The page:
My days are no longer taken up by mothering and motherhood. Both of my children are adults and living their independent lives. But I felt an old familiar mother bear come out the other day. As I walked the dogs down our county road, a dark pick-up with a camper shell passed by going well over the speed limit without moving over or making any attempt to slow down. While I’m not familiar with the driver, I have come to the conclusion she now lives someplace in our rural neighborhood because this wasn’t the first time we’d been dusted off. Whatever the driver saw ahead of her on the road, she didn’t register a human being with dogs waiting carefully for her to pass by. I suspect she experienced a one dimensional view –something like blank paper dolls that had no meaning, context, or connection.
This ribbon of the road that heads west from our ranch has always been the place where I move out of the chatter of my daily life and into the physical landscape of the Elk River Valley. Each time I step onto the road, I know my round trip will be about two to four miles. When I head out these days I’m usually accompanied by my dog, Emma, Pete’s dog, Griz, and frequently our daughter’s dog, Brody. All the dogs know when they hear or see an oncoming vehicle they are to return to me, sit, and wait. We are a safe and congenial group journeying down the road to Long Gulch and Deep Creek.
As we travel we are often met by Bill, the mailman; contractors in pick-ups sometimes hauling low boys with heavy equipment; Art, the UPS man; and in the summer, ranchers driving tractors and bale wagons. Then when friends drive by they often stop to share some news. My neighbor, Ann, used to drive one of her sons to town every day for work in her maroon GMC. One February afternoon she stopped me on the road to say, “I just had to tell you I spotted the first Blue Bird the other day. I think it’s the earliest I’ve ever seen one here.” When a sage Subaru SUV approaches I know it’s my long-time neighbor, Jerry, a physical therapist and mother of a daughter who was born the same year as my son. Her friend, Larry, grew up just down valley and when he passes by in his little black pick-up or his diesel truck and horse trailer, he always slows way down. When I thank him for watching out for us, he says, “I know when I’ve got dogs in the truck, your dogs might want to jump in, so I’m very careful. I wouldn’t want anything to happen.” And then there’s Harriet, who co-leads our local writers’ group. She always slows and sometimes stops, like she did recently to inquire about Emma’s cataract surgery. Then as easily as the conversation began, she smiles and with a wave, she carries on home.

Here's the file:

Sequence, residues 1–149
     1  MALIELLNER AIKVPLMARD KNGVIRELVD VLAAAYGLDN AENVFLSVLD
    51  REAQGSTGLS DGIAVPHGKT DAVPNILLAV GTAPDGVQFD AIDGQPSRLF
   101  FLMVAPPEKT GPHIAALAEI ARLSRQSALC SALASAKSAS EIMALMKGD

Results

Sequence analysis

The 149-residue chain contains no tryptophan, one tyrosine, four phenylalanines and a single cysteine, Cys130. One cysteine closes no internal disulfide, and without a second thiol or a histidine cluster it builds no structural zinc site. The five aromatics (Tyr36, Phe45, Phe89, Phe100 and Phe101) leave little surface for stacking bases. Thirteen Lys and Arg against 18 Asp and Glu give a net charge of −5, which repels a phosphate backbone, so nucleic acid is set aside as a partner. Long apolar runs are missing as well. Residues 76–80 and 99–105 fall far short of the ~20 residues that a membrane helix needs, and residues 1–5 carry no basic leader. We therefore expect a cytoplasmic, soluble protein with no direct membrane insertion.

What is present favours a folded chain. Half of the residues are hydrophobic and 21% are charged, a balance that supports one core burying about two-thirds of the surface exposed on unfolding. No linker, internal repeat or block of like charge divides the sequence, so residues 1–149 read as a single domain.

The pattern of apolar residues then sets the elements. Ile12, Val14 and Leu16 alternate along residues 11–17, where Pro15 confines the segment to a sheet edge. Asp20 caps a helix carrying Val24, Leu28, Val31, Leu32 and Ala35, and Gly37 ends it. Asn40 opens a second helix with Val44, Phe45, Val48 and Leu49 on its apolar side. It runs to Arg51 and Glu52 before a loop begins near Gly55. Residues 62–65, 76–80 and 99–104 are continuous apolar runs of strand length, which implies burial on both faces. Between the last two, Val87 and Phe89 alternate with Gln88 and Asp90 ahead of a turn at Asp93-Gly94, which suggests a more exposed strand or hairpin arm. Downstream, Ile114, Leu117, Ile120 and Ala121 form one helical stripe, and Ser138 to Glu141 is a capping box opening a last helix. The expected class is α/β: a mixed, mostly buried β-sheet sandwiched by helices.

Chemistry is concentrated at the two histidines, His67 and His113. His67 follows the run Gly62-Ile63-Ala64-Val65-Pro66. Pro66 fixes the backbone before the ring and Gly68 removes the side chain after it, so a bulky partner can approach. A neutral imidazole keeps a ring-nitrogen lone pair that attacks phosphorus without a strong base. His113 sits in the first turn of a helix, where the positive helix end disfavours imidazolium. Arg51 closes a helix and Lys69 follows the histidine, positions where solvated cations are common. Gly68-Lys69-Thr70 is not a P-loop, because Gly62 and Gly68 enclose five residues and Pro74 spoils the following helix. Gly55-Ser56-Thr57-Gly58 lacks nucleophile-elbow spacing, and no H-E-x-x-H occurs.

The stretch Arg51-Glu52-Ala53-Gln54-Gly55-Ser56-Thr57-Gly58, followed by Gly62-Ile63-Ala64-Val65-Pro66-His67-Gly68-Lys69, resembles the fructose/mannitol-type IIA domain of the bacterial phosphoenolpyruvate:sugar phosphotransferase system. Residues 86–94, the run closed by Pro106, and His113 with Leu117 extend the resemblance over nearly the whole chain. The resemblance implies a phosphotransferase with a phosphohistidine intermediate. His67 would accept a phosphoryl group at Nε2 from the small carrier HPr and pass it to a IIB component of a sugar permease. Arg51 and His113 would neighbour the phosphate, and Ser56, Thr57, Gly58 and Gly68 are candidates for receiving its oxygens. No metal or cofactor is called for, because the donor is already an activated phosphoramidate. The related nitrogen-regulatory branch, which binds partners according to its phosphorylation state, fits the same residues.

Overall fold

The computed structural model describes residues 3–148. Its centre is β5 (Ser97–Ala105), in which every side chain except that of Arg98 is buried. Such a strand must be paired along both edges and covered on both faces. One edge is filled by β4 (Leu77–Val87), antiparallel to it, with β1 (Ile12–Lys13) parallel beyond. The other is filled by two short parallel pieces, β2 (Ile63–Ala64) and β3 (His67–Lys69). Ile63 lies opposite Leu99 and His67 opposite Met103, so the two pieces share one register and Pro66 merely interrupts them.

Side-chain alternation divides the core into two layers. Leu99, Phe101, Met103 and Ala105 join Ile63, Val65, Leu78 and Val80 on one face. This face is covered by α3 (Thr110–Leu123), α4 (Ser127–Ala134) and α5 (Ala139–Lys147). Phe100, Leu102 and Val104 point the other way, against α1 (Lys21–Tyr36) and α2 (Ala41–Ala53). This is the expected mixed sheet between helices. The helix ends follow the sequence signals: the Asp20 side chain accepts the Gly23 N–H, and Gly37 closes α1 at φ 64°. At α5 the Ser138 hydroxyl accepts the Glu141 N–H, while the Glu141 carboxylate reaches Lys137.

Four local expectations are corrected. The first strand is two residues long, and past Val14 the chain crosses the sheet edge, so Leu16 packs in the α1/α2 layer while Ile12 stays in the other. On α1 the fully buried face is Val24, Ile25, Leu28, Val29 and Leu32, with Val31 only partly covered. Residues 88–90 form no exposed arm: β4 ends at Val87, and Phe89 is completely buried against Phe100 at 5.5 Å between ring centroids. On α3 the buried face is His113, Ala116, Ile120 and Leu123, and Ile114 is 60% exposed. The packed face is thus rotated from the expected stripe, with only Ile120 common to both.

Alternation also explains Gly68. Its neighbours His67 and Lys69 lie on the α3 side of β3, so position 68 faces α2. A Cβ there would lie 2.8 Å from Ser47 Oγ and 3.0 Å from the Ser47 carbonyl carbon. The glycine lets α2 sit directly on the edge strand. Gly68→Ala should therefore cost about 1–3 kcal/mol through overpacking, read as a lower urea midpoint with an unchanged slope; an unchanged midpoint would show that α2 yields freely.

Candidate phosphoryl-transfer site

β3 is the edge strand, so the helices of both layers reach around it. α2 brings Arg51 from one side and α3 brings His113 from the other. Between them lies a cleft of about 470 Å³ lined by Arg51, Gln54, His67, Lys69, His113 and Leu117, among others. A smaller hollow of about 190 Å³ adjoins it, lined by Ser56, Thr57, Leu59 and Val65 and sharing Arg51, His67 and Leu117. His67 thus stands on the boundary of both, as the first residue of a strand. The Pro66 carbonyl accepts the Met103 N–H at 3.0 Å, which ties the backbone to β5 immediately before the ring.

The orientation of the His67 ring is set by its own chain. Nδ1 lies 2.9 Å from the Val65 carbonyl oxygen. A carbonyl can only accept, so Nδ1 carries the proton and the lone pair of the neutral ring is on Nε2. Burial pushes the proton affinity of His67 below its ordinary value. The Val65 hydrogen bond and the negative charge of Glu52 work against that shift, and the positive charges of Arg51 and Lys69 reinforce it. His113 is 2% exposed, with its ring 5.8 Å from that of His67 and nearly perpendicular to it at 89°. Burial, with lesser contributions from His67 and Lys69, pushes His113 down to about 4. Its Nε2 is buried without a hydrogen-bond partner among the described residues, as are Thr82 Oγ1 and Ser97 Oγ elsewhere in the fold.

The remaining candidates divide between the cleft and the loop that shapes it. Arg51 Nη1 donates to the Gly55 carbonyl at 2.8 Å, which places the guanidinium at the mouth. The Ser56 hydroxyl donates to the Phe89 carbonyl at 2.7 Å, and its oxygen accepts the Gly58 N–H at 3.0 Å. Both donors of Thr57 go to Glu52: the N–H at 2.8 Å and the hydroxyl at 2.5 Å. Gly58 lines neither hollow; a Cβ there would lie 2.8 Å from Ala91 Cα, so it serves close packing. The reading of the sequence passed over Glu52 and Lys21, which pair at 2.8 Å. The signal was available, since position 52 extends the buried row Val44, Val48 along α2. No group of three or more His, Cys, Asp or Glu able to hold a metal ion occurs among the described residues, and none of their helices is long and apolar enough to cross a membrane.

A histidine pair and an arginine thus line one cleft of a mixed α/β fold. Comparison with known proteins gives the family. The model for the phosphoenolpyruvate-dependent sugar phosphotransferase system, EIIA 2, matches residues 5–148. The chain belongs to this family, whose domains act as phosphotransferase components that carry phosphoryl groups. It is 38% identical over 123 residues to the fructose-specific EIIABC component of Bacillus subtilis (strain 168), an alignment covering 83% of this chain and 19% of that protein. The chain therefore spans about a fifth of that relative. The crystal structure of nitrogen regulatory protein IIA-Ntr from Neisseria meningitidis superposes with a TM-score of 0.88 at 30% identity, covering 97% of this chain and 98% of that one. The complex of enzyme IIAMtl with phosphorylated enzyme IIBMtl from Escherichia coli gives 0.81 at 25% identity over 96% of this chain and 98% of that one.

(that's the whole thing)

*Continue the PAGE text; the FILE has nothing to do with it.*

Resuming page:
In the mother bear’s protest my angry words sailed silently down the road behind the speeding truck. I entertained the idea of reporting the license plate, make, and model of the pick-up to the Sheriff’s office. And then after I returned home, I imagine one day stepping out into the middle of the road and waving down the dark pick-up. As the driver gathers her bearings, I imagine introducing myself and my three dogs. I’ll ask if she has heard the neighborhood news: CJ got a new job; Jo broke her back; there’s a birthday party at Travis’s; Van forgot his shovel when he headed out for a day of snowmobiling and shyly and uncharacteristically confessed to having to go back home to get it; or did you hear that the Fair Cookbook committee needs your recipes for their 100th Anniversary Cookbook?
After sharing the narrative of our neighborhood landscape, I’ll step back from the cab and encourage her to slow down, “You never know what news you’ll hear as you pass by. I hope you’ll stop now and then and say, “Hi!”
Although I imagine the mother bear’s fantasy will never come to pass, I believe in those briefest of moments when we see and we are seen, when we know and we are known, we acknowledge each other's presence in the physical and material world. And within the daily ritual of the smallest of communications on a ribbon of road, a simple narrative forms and contributes to the sacred fabric of our of communal and relational lives.